- The “bubble is about to burst” in consumer staples stocks, says veteran market technician Jeff Bierman.
- The sector outperformed the S&P 500 last year but now it’s “overbought and overpriced”.
- “The greatest opportunity to short on Wall Street, according to risk/reward, is consumer staples,” Bierman said.
Investors sought refuge in consumer staples stocks last year as the broader equity market sank into bear territory, but that group is now in a bubble that’s on the verge of popping, says one veteran chart technician.
“The greatest opportunity to short on Wall Street, according to risk/reward, is consumer staples. This is the beginning of the breakdown in consumer staples, for the long term,” Jeff Bierman, chief market technician at TheoTrade, said in a note this week.
Bierman, who was previously TD Ameritrade’s chief technical analyst, was taking a look at the S&P 500 Consumer Staples Sector SPDR Fund. The exchange-traded fund tracks 33 stocks in the sector. It had total net assets of more than $17 billion and Procter & Gamble, whose household brands include Tide and Crest, has the heaviest weighting.
It also houses PepsiCo and Campbell Soup and Coca-Cola, which Bierman highlighted in his note.
The ETF fell by 0.8% in 2022, significantly outperforming the 19% slide in the S&P 500.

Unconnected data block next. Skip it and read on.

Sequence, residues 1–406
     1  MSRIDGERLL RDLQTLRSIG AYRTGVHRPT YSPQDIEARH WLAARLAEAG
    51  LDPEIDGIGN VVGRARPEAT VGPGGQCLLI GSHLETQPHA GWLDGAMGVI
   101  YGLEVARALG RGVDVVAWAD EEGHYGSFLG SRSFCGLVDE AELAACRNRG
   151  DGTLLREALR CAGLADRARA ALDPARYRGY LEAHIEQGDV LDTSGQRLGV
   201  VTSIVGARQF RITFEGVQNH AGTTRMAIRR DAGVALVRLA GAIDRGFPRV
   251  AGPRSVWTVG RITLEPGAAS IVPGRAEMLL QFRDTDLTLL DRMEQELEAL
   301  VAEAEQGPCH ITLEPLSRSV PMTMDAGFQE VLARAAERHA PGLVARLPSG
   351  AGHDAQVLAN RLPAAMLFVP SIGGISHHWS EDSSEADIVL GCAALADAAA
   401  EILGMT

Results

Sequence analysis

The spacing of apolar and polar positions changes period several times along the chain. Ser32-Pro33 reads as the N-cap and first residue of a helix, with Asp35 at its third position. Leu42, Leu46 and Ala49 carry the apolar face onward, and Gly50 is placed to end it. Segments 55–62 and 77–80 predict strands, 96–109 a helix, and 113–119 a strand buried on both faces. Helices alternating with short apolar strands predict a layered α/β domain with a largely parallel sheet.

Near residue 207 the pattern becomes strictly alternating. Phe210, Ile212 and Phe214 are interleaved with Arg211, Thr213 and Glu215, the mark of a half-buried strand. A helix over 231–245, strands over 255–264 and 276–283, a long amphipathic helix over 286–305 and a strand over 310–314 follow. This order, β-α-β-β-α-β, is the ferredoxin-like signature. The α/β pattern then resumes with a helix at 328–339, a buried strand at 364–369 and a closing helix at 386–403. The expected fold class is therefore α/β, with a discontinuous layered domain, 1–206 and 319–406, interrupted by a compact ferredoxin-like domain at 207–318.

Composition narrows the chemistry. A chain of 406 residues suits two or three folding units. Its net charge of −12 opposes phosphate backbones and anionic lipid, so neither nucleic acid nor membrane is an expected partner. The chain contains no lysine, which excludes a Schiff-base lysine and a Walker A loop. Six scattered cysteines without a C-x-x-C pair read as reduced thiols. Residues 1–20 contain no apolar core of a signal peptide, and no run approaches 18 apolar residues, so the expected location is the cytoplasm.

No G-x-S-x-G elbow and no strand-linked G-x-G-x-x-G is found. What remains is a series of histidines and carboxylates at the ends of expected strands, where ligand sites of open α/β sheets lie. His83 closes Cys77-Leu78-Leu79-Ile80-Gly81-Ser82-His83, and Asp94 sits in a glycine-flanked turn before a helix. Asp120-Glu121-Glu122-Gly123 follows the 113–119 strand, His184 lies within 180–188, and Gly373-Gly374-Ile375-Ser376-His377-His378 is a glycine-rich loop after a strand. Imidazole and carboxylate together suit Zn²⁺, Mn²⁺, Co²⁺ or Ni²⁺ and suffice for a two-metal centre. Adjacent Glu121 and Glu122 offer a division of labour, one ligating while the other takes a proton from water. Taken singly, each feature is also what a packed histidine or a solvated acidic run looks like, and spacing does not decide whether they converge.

But now the defensive consumer staples sector is “overbought and overpriced,” Bierman said.
“Every sector of the S&P  needs to come to a single-digit multiple before it signals a market bottom. Semiconductors, oil, and retail (in certain parts) are there. Consumer staples – not even close,” he said.
Bierman noted Coca-Cola was trading at a 26 multiple when it’s growing at 6% earnings and 2% revenue. Yet its return on assets–a growth-rate proxy–was 12.
“It’s a bubble. This stock can … be cut in half before it’s attractive,” he said of the beverage giant.
The consumer staples sector—focused on goods and services used for people’s everyday needs—served as a haven when the US equities sharply dropped last year, largely as red-hot inflation prompted the Federal Reserve to kick up interest rates from zero percent.
Now, the “bubble is about to burst,” Bierman said about the staples group. “The signal? The biggest Marubozo … in the XLP we’ve seen since back in September,” he wrote.
A Marubozo is a candlestick chart pattern and candlestick charts look at the opening and closing price of a stock on a single day, Bierman explained.
Marubozo is a long-bodied candlestick with no shadow and is regarded as a strong conviction signal depending on whether the candle’s direction is up or down. The chart pattern gets its name from the Japanese word meaning close-cropped, the technician said.
“We’re heading into a recession and consumer staples are priced like growth stocks when they’re actually value stocks,” he said. “The Marubozo signals that we are in for a much deeper correction in consumer staples than we’ve experienced in the past couple of days.”
A fresh warning of economic contraction coming in 2023 arrived this week from nearly two-thirds of 22 chief economists surveyed by the World Economic Forum. The WEF was hosting the annual elite gathering of business and finance people in Davos, Switzerland.